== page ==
Foot Locker (NYSE:FL) stock has fallen roughly 35% year to date as the COVID-19 pandemic forced brick-and-mortar businesses to close their stores. Over the past month, the footwear and athletic apparel retailer pulled its full-year guidance, tapped its revolving credit facility, and furloughed a large portion of its employees.

Those moves weren't surprising, but Foot Locker stock now pays a forward yield of 6.5% following the sell-off. Will that high yield set a floor under the stock, or will its decline continue through the rest of 2020?

A woman holds up two different sneakers while shoe shopping

Image source: Getty Images.

Foot Locker faced problems before the pandemic

Foot Locker already faced two major challenges before the pandemic started: sluggish mall traffic and competition from the direct-to-consumer (DTC) channels of top footwear brands such as Nike and Adidas. The escalating trade war with China, higher tariffs, and currency headwinds exacerbated the pain.

Despite those challenges, Foot Locker's business stabilized last year as it expanded its own DTC efforts, secured new styles from popular brands, and offset its weaker banners (including Kids Foot Locker and Eastbay) with the strength of its namesake stores and Champs Sports.

However, Foot Locker's comparable-store sales declined again in the fiscal fourth quarter (ended Feb. 1) as its gross margin declined both annually and sequentially.


Q4 2018

Q1 2019

Q2 2019

Q3 2019

Q4 2019

Comps Growth






Gross Margin






Data source: Foot Locker quarterly reports.

Foot Locker attributed its fourth-quarter comps decline, which missed its own guidance for flat growth, to weak apparel sales, a shorter holiday shopping season, and a "highly promotional" market. Sales dipped at its brick-and-mortar stores and DTC channels, and weak sales in the U.S. offset its growth in Asia and other overseas markets.

How will the pandemic hurt Foot Locker?

Back in late February, Foot Locker expected to generate low single-digit comps growth with low- to mid-single-digit earnings per share growth for fiscal 2020.

But in mid-March, it temporarily closed most of its stores in North America, the EMEA (Europe, Middle East, and Africa) region, and Malaysia, while its stores across the rest of the Asia-Pacific region -- including Hong Kong, Singapore, Australia, and New Zealand -- stayed open. It also pulled its full-year guidance.

A woman shops for shoes.

Image source: Getty Images.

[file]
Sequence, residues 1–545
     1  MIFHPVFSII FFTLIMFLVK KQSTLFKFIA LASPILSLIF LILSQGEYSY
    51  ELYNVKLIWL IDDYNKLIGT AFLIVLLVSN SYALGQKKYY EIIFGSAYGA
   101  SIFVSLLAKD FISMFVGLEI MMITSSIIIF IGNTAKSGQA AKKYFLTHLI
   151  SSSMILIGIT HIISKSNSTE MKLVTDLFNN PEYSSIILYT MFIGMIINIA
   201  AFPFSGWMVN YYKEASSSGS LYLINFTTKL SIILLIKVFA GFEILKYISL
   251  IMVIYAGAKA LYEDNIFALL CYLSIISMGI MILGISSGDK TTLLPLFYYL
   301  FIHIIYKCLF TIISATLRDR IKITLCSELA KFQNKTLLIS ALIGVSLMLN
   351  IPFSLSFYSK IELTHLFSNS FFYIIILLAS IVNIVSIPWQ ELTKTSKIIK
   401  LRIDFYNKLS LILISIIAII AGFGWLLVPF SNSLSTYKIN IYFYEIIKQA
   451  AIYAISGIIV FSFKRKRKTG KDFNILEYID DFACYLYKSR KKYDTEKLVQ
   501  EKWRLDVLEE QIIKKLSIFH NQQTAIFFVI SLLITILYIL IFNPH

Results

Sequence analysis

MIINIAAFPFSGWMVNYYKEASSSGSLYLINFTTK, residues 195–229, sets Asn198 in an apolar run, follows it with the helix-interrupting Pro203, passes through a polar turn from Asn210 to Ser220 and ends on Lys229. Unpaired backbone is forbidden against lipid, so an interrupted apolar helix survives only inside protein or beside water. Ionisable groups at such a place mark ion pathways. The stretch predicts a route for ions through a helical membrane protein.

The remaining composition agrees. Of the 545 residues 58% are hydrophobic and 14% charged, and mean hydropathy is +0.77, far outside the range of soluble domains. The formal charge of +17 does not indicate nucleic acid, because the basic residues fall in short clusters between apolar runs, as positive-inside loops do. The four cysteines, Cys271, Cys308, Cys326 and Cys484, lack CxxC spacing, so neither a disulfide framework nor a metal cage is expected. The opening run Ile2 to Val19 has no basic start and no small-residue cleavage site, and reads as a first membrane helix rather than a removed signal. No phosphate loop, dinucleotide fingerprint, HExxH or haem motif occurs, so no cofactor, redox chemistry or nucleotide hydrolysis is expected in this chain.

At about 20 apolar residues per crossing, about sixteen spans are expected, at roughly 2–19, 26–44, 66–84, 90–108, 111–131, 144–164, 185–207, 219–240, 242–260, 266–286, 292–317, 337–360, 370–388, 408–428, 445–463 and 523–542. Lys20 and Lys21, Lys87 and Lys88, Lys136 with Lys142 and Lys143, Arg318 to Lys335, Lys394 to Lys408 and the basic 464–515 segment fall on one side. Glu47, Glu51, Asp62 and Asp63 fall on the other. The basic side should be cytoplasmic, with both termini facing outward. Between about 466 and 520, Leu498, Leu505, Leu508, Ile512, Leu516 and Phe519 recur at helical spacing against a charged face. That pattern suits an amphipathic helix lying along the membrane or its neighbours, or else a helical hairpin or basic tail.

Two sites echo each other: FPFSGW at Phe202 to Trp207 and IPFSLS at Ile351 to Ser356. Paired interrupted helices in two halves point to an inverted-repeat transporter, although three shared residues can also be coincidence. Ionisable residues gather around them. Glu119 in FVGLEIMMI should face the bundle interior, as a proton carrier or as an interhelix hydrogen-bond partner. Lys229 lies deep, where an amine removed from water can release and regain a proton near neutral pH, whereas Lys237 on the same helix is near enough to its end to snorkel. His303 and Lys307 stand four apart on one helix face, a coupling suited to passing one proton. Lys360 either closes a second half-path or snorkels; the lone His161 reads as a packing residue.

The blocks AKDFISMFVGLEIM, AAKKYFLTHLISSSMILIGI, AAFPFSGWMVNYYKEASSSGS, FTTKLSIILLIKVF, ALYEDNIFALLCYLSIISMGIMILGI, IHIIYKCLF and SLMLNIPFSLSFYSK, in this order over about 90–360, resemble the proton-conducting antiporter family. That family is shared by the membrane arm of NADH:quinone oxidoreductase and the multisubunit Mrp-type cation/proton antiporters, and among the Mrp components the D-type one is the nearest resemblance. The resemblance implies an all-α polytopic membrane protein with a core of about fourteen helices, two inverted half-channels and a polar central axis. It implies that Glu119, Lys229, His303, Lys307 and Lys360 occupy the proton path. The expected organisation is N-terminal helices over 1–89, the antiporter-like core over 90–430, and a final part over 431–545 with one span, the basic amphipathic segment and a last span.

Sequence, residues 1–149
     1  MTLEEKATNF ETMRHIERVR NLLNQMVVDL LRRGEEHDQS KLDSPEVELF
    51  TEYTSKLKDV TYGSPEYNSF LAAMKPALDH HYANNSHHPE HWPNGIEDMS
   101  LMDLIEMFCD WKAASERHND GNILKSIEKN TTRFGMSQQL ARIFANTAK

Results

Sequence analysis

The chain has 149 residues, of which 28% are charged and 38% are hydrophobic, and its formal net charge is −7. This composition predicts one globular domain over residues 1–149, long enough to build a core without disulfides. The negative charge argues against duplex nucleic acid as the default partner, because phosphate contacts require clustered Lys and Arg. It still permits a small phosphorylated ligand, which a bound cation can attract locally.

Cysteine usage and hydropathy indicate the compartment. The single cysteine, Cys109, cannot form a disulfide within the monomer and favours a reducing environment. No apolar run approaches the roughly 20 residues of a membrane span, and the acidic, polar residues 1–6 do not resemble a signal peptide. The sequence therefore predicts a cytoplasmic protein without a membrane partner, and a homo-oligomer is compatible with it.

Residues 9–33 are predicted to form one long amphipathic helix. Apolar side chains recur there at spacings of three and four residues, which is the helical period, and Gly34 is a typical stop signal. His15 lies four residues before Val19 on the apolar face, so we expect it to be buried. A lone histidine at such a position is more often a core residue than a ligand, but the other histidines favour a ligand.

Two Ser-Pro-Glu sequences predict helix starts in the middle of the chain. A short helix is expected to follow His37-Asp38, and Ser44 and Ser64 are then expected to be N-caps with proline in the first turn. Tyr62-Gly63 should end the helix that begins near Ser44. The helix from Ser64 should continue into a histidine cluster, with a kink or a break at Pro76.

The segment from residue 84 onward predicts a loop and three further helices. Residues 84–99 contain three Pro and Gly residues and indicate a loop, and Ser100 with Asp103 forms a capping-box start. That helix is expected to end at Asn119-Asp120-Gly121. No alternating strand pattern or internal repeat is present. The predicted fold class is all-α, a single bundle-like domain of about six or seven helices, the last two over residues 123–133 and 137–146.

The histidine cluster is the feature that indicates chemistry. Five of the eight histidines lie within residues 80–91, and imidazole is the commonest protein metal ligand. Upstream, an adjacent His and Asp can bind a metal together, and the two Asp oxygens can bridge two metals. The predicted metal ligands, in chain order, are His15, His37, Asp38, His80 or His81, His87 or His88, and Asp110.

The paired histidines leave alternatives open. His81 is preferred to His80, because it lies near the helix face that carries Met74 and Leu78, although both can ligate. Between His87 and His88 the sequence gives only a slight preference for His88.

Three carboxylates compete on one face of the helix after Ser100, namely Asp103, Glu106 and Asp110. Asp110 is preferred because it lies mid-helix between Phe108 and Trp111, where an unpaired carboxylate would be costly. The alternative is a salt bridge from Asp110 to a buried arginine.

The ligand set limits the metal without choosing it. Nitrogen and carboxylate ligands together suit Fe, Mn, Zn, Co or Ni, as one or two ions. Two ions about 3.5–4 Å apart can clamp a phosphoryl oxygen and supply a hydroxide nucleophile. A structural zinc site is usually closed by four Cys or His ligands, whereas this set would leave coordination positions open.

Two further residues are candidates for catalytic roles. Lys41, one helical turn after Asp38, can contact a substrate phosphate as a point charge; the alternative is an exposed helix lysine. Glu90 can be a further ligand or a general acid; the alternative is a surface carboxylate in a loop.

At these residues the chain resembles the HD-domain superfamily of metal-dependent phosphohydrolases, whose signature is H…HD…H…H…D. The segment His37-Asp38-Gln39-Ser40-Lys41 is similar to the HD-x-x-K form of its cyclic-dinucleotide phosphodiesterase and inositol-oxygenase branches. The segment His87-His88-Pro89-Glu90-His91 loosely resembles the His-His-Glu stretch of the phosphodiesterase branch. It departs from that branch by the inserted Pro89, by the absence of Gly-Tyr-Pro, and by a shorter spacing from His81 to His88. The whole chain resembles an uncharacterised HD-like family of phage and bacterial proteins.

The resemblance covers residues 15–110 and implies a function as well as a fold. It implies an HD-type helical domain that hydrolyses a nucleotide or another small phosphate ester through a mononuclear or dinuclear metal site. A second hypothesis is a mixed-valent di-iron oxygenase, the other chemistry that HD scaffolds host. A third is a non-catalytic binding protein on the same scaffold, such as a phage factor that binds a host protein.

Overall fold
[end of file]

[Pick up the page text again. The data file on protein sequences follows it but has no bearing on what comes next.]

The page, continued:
In late March, Foot Locker drew $330 million from its $400 million revolving credit facility to boost its liquidity. Foot Locker reportd $907 million in cash and equivalents with $122 million in debt as of Feb. 1, so it should stay comfortably solvent throughout the crisis.

And most recently, Foot Locker furloughed most of its store employees in the U.S. and Canada, its supply chain employees in the U.S., and certain store employees in Australia. Therefore, the international business, which generated 29% of total revenue last year, should recover at a faster clip than the domestic business.

Foot Locker plans to provide additional information during its first-quarter report in late May, but its comps and margins will likely decline again as the weakness of its North American business offsets the growth of its Asia-Pacific stores. However, a weak U.S. dollar and low fuel costs -- which would reduce the freight costs at its DTC business -- could cushion some of that blow.

How about its valuation and dividend?

Wall Street expects Foot Locker's revenue and earnings to decline 16% and 30%, respectively, this year, before rebounding next year. Given the uncertainty that remains for 2020 and beyond, we should take those forecasts with a grain of salt, but Foot Locker stock looks dirt cheap at 8 times forward earnings estimates and just a fraction of its sales.

Foot Locker pays an annualized dividend of $1.60 per share, which represents just half of expected 2020 earnings and suggests the company can sustain its dividend for the time being. Foot Locker has raised its payout for nine straight years.

An undervalued dividend stock ... if it can bounce back

I was clearly wrong when I called Foot Locker an undervalued dividend stock last May, but it could finally be bottoming out. Foot Locker is still operating many of its overseas stores, its balance sheet remains stable, and the stock looks ridiculously cheap with a generous 6.5% yield as of this writing.

However, I'm reluctant to buy shares before the company provides clear guidance regarding the pandemic in its fiscal first quarter report. It's certainly in better shape than other struggling retailers, but it still faces the long-term threats of dying malls and DTC competition from its top-selling brands. I'm not ready to pull the trigger on Foot Locker, especially when so many other high-quality dividend stocks are on sale.

This article represents the opinion of the writer, who may disagree with the “official” recommendation position of a Motley Fool premium advisory service. We’re motley! Questioning an investing thesis -- even one of our own -- helps us all think critically about investing and make decisions that help us become smarter, happier, and richer.